Greece finishes talks with Troika, but still split over reforms
“Today we finished talks on the austerity measures and the budget. We did everything possible,” Greek Prime Minister Antonis Samaras said on Tuesday. "Should the agreement be approved [by the Parliament], and the budget adopted, Greece will remain within the Eurozone and will go out of the crisis.”
Samaras added that Athens had achieved “significant improvement” in the deal on offer, and warned of “chaos” if the measures were rejected by MPs.
However, Greece’s coalition government has delayed the vote until next week, as the three parties in power appear split over the new austerity measures.
“All of the (draft legislation) will be submitted [to the parliament] next week. I think there is no other way to do it,” Greek Finance Minister, Yannis Stournaras said.
At the moment Greece is seeking another €31.5bln tranche of its second bailout package, amounting to €130bln. In return the country should axe €13.5bln in two years, with the exact ways of reaching the target remaining vague. The so-called Troika of creditors, including the European Union, the International Monetary Fund and the European Central Bank, may ask Greece to implement around 150 reforms within 2 years, Germany’s Spiegel said last week. This will include certain changes to minimum wage rules, as well as abolishing professional privileges.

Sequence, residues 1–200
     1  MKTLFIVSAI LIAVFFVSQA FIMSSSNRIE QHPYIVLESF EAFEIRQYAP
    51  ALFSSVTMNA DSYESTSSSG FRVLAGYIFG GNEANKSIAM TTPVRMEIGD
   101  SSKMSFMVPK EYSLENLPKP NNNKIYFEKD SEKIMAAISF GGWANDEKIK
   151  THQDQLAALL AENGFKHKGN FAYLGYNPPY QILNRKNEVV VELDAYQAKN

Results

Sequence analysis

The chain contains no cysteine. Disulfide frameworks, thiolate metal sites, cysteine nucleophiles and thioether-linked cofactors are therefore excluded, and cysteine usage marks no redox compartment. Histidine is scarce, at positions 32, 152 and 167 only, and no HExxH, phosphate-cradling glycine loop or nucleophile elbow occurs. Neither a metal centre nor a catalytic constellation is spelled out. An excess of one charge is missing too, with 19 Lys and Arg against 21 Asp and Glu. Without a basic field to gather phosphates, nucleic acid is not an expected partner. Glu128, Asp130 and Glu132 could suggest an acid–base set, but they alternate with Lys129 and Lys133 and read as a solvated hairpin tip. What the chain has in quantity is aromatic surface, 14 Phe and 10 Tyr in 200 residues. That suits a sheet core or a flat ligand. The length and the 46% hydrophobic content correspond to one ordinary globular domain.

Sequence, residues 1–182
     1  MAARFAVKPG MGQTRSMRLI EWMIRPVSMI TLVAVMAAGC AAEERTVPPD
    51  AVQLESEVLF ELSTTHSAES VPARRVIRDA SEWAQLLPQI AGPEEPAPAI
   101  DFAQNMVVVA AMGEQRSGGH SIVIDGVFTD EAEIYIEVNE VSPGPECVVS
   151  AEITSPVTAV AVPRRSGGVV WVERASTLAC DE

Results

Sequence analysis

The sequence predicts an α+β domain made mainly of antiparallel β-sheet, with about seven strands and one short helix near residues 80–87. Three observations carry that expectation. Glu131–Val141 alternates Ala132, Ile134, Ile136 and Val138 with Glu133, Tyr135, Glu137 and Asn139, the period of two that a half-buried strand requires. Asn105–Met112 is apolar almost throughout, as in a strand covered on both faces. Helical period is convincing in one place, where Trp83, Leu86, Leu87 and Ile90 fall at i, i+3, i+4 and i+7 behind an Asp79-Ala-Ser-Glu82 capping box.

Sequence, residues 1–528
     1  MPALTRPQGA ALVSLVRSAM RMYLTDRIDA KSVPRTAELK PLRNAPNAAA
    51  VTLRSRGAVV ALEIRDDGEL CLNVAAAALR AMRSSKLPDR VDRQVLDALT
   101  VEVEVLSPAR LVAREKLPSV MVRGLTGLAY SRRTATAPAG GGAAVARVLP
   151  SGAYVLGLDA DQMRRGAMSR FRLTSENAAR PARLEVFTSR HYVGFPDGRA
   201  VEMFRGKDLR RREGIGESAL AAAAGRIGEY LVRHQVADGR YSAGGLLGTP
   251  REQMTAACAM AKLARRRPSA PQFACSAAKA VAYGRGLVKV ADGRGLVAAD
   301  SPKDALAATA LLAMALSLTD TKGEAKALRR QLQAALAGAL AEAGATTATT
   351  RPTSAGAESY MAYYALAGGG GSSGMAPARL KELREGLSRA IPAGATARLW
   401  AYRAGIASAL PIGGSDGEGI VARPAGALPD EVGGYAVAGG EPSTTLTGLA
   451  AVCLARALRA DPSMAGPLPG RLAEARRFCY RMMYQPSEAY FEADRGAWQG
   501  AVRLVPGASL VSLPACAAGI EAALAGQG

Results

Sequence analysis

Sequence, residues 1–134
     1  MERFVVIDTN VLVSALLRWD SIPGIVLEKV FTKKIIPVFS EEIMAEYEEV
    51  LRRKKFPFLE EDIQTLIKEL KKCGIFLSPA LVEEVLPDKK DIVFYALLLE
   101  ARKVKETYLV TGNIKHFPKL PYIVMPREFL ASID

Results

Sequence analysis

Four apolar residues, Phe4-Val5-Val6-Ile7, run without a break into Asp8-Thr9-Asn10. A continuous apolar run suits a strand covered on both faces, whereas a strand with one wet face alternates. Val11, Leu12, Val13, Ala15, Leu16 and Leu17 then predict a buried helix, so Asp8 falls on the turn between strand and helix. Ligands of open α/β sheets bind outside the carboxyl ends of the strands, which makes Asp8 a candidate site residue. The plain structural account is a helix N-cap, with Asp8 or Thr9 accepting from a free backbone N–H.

The announcement from Samaras has incited immediate reaction from bloggers online. Comments largely ridicule the PM’s self-proclaimed ‘successful,’ negotiations, when in fact “the scale of the austerity that will be heaped on Greeks has increased by billions of euros since the measures were originally mapped out after Greece's second bailout back in March,” the Guardian blogger said.
Greece’s austerity package went from €11.5bln to €13.5B, with €5.5bln of cuts in 2013 turning into €9.5bln.
Labor reforms that had long remained an outstanding issue were agreed earlier on Sunday, with no detail revealed.